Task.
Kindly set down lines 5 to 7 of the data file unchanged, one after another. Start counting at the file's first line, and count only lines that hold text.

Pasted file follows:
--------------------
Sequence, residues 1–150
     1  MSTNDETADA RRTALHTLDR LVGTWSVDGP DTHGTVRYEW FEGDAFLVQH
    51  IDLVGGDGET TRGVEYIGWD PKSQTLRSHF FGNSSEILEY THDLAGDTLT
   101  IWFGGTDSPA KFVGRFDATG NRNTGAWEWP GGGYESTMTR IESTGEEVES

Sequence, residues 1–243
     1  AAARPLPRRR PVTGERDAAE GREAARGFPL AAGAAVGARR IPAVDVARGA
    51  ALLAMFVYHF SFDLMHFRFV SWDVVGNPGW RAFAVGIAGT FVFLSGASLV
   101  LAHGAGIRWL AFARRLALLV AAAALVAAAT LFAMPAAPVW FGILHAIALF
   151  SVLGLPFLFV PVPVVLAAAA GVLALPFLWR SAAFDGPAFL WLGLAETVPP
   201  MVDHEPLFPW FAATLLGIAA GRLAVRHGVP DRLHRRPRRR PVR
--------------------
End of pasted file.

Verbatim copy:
Sequence, residues 1–243
     1  AAARPLPRRR PVTGERDAAE GREAARGFPL AAGAAVGARR IPAVDVARGA
    51  ALLAMFVYHF SFDLMHFRFV SWDVVGNPGW RAFAVGIAGT FVFLSGASLV